We asked Shooglenifty about their album The Untied Knot.
This is Shooglenifty’s seventh studio album, and the first to feature a collection of songs. The breathtaking ‘puirt a beul’ (mouth music) of Gaelic vocalist Kaela Rowan brings a captivating and energising new element to the band’s sound, and further confounds any attempt to categorise them.
The Untied Knot drops additional pins in the Shoogles’ map of international influences, this time hitting the road from Scotland to Rajasthan. Watch out for James Mackintosh and Kaela Rowan’s The High Road To Jodhpur, a tune that makes that connection explicit, whilst Burns’s Tam o’Shanter is the ‘closer to home’ inspiration for the title track by Quee MacArthur.
Former band member Luke Plumb’s fresh compositions – the psychedelic Arms of Sleep and The Highway Carpark, a ‘hurry up and wait’ classic – are included, whilst new mandolin player Ewan MacPherson makes his mark with three tunes. His Somebody’s Welcome To Somewhere, features the princely pipes of a guesting Ross Ainslie. Ewan also contributes a dark nautical romp The Devil’s Breath Hornpipe, and speedy pair of reels clearly spawned by the Shoogle dance gene: Samhla Reel/Scolpaig.
A dazzling contribution by Garry ‘Banjo’ Finlayson, The Scorpian (sic) is a fascinating and enigmatic creature, whilst Fitzroy’s Crossing, the striking Antipodean closing track by Shooglenifty front man Angus R Grant, is proof positive that there is no musical journey this band can’t take.
Shooglenifty were one of the taste-makers and boundary-breakers of the Scottish trad music scene of the 90s and were one of the acts that helped give Scotland a powerful voice on the world music scene, from the early days right up to the present day. Venus in Tweeds remains one of my all-time classic albums and it always delights me to know that the legendary Grant fiddlers – Aonghas and Angus R. – can count one of Gaeldom’s ultimate tradition bearers and one of the Shoogle creators of ‘acid croft’ as father-and-son. Just as it should be – roots and futures as one.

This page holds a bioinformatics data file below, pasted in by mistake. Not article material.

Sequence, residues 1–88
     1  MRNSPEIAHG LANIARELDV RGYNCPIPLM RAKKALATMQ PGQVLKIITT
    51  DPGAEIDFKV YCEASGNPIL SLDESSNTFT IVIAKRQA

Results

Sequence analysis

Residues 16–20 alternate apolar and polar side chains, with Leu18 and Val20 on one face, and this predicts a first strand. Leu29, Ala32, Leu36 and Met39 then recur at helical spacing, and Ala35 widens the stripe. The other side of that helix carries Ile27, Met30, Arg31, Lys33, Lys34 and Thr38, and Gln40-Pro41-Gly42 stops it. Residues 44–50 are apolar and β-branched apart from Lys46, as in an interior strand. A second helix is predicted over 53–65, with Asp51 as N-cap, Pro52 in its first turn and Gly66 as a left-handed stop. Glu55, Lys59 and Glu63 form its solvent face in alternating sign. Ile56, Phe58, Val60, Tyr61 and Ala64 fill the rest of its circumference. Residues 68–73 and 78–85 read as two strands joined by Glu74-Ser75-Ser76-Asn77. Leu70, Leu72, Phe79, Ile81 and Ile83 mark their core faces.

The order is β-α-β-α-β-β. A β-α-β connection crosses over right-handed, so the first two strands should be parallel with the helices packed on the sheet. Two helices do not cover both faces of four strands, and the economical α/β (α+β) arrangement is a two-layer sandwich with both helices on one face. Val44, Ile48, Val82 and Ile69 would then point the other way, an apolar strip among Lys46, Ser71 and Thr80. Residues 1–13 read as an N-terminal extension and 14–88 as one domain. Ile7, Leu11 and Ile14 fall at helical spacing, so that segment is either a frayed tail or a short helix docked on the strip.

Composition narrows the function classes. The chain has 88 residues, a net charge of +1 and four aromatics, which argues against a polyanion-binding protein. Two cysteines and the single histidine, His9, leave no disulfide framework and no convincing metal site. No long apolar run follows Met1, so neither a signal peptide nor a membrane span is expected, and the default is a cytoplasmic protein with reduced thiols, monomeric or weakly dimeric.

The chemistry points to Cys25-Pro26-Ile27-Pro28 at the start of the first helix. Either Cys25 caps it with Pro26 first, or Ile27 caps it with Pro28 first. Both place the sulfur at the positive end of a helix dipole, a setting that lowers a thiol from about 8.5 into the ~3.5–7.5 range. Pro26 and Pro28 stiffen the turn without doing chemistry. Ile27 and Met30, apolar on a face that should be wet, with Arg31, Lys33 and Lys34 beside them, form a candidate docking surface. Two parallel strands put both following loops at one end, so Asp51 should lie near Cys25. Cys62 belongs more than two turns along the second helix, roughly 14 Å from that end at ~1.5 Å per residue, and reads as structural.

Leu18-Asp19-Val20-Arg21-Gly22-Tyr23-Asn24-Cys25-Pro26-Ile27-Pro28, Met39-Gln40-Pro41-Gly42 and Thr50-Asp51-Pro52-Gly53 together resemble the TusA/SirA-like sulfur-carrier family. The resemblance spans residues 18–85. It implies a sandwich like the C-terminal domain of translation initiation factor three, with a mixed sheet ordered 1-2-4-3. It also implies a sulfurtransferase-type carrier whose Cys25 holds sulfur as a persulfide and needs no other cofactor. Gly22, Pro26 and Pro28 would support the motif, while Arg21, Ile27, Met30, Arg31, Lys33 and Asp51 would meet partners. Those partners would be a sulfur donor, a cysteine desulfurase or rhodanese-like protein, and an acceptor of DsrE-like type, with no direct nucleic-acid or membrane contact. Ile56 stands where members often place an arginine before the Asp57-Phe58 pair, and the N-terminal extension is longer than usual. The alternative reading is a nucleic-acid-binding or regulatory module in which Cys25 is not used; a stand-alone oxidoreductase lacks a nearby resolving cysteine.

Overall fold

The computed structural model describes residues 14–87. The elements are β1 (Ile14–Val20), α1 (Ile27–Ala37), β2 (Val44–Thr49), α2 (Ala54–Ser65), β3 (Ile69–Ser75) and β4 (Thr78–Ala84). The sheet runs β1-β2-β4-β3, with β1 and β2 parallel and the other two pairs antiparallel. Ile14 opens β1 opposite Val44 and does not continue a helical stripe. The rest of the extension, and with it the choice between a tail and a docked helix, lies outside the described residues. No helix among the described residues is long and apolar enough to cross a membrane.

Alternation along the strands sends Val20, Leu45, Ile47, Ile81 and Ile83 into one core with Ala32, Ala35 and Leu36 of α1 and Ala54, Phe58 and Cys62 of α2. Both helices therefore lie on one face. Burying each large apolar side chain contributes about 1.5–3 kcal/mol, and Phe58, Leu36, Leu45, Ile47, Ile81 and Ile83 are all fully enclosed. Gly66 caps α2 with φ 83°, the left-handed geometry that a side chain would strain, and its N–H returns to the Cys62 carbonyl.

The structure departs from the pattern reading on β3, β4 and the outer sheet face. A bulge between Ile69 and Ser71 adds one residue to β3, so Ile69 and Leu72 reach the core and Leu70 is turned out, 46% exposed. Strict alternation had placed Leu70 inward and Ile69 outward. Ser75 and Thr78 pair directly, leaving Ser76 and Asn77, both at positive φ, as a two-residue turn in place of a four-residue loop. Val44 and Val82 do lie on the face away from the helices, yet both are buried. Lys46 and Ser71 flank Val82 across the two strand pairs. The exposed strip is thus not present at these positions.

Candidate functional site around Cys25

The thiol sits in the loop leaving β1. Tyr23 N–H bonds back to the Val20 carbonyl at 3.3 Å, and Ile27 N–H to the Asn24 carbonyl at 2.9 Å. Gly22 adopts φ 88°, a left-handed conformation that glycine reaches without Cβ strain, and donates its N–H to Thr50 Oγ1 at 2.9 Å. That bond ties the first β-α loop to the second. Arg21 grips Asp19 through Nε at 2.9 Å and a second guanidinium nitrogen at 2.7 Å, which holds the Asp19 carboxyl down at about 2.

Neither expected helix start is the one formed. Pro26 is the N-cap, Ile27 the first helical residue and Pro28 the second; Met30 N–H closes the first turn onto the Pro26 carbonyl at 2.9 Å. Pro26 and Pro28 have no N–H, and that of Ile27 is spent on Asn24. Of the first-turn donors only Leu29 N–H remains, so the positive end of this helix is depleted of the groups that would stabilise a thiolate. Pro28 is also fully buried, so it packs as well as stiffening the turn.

Mary Ann Kennedy
Musician and broadcaster
Shooglenifty invented a totally new and spellbinding way of playing ultimately Highland music as a modern groove-based entity. Along with Martyn Bennett they transformed this ancient music with respect and vision. 25 years on they continue to blaze a trail of ‘acid-croft’ that no others can touch.
Shooglenifty’s sound springs from traditional Scottish dance music, energised by the beats and bass line of something altogether more contemporary. It is not a sit-down kind of music, it’s a join-in, and get on your feet kind of vibe. Attempts to describe this almost uncatagorisable band include: ‘hypno-folkadelic-ambient-trad’ and ‘Acid-Croft’, which derives from late 1980s club music ‘Acid House’, a croft being a traditional Scottish rural dwelling.
This pioneering band is in demand all over the world and the guys have entertained at festivals and venues in Australia, Canada, India, Japan, Lebanon, Malaysia, Russia, the United States and, of course, Europe. Previous career highlights include performing for Nelson Mandela and Emperor Akihito of Japan (not both at once), performing with dhol drummers of Rajasthan at the Commonwealth Games in Glasgow, inciting the crowd to a stage invasion at Sydney Opera House, and collaborating with Lebanese musicians in Beirut.
Shooglenifty was formed in Edinburgh 25 years ago at the height of the late 80s/early 90s electronic dance music scene, and the vibe of that time is a key influence on their sound. Their latest album The Untied Knot , released in 2015 is the first to feature song, for the most part supplied ‘puirt a beul’ vocalist Kaela Rowan, but watch out for other members of the band showing off their vocal abilities.
Shooglenifty website: http://www.shooglenifty.com
You can listen to The Untied Knot here.
Buy a ticket for the MG ALBA Scots Trad Music Awards on Saturday 5th December in Dundee Caird Hall, start time 7pm. You’ll have a great time!